According to the official results, the ÖVP got 37.8 percent of the votes, the KPÖ (Communist Party) 20.3 percent and the FPÖ (Freedom Party) 15.9 percent. The SPÖ (Social Democratic Party) lost heavily, achieving only 10.1 percent; the Greens have also recorded a minus of 10.5 percent. The NEOS gained 3.9 per cent and thus enters the city council, while the Pirates failed with 1.1 per cent. The final result is a bitter pill to swallow for the SPÖ: they have lost their two seats in the council to the KPÖ and are out of the government. The ÖVP gains three more seats; the FPÖ and the Green Party both get one additional seat. In total, the ÖVP will be represented in the municipal council with 19 seats, the KPÖ with ten. The FPÖ gets eight seats, the Greens and the SPÖ five and the NEOS one seat. The turnout was at 57 percent and has increased slightly compared to the 2012 election, but is the second lowest turnout compared to the five previous elections.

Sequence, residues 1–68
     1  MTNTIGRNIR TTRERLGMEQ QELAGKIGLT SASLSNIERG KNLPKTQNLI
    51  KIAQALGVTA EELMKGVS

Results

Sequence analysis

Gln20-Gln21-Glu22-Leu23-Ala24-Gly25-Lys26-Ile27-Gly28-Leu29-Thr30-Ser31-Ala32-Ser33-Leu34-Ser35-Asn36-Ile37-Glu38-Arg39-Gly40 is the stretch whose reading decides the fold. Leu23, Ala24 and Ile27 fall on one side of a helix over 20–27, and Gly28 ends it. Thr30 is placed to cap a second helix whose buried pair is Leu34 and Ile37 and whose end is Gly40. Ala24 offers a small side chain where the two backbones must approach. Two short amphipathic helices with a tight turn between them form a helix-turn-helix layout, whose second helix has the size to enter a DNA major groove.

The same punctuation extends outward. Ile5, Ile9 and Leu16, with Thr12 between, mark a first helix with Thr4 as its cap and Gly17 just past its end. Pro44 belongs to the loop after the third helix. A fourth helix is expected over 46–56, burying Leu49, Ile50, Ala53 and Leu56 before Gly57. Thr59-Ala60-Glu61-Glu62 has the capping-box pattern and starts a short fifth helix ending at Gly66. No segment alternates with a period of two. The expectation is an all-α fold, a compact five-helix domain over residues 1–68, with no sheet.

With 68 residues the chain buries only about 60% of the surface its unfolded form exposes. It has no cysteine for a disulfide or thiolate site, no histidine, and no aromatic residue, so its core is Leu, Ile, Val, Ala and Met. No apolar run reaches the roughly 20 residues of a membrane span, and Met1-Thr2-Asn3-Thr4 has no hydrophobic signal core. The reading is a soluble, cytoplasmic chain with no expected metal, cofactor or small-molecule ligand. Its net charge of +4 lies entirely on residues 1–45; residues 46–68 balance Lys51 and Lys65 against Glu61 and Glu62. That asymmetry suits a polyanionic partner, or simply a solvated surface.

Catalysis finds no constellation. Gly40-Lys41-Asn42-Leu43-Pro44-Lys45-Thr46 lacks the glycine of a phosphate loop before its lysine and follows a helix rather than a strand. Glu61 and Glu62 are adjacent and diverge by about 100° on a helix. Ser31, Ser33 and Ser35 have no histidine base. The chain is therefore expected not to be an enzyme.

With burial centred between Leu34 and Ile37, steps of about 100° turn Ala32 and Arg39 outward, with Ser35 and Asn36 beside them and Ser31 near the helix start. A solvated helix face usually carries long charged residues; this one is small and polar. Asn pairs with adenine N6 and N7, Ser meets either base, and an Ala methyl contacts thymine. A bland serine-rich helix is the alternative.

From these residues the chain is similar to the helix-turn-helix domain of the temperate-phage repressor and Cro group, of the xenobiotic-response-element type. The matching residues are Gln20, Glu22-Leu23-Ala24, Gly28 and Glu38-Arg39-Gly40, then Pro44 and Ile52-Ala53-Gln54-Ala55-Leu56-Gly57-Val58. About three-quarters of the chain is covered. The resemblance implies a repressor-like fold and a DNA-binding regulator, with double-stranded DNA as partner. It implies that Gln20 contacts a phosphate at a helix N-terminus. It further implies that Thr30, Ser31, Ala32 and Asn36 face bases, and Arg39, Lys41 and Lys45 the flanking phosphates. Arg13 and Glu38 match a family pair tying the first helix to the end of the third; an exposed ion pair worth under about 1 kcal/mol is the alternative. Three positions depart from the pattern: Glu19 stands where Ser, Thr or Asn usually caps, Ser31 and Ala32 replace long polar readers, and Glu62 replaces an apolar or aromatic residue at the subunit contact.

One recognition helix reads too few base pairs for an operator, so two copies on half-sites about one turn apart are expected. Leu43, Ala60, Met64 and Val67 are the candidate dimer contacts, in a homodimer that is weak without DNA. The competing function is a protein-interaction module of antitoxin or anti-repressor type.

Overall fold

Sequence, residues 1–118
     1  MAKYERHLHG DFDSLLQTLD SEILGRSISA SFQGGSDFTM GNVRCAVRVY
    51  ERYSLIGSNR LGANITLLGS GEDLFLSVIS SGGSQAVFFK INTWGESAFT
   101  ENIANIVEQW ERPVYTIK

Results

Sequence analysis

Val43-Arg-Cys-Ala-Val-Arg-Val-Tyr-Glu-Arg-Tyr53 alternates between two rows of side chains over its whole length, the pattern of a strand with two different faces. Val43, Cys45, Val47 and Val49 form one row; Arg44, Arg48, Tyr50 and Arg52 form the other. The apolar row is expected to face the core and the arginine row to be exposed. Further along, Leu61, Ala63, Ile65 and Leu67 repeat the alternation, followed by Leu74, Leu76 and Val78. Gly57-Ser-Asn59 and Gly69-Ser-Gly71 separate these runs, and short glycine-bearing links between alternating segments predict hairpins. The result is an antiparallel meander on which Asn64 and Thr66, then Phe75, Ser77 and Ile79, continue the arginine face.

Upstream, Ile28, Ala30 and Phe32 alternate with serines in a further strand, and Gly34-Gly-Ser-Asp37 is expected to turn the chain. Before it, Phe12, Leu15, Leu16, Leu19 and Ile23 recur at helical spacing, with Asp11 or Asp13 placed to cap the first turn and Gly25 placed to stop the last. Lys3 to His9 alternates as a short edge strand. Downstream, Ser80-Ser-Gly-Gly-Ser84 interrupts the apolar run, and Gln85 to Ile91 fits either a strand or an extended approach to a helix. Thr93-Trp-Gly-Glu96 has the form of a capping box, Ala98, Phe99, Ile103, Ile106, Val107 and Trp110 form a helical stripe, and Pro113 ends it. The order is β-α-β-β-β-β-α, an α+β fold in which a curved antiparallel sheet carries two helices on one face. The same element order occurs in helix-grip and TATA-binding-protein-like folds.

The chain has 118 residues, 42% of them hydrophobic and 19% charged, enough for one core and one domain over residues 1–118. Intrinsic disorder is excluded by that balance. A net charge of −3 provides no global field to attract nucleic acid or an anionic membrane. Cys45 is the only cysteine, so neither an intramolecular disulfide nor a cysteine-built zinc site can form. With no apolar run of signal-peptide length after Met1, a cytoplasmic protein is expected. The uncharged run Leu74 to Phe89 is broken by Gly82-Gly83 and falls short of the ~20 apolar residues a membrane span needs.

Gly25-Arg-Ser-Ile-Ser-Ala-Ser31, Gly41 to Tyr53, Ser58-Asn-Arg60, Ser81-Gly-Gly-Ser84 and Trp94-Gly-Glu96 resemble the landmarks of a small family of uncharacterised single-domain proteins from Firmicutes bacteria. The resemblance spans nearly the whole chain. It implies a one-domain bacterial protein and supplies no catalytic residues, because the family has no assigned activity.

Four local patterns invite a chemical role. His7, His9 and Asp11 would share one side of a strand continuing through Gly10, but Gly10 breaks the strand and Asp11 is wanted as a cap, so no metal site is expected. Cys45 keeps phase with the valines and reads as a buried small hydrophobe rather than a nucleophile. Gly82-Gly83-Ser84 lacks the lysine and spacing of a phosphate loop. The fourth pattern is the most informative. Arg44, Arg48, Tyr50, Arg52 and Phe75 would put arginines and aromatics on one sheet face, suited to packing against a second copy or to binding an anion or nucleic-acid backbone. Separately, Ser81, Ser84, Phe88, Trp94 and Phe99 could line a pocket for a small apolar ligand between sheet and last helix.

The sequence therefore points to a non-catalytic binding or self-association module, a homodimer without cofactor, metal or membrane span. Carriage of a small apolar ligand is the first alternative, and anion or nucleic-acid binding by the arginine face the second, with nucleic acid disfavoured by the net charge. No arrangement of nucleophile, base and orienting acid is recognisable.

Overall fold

A new coalition of the ÖVP with the second-strongest force KPÖ seems highly unlikely. Nagl already announced that the ÖVP will not elect Elke Kahr (KPÖ) as vice mayor. There are several reasons against a coalition with the Communist Party, e.g. regarding the issue of a water power plant at the river Mur, which the KPÖ opposes. Nagl is critical of a ÖVP-Green-Neo coalition: 25 mandates would be too little for a comfortable majority. He also is skeptical about the right-wing FPÖ as they are far apart on issues such as education and integration.
Despite the withdrawal of the SPÖ from the proportional government, the mayor favours a black-red-green coalition as they would have the majority in the city council (with 29 mandates) as well as in the municipal government. In any case, the coalition negotiations will be tough.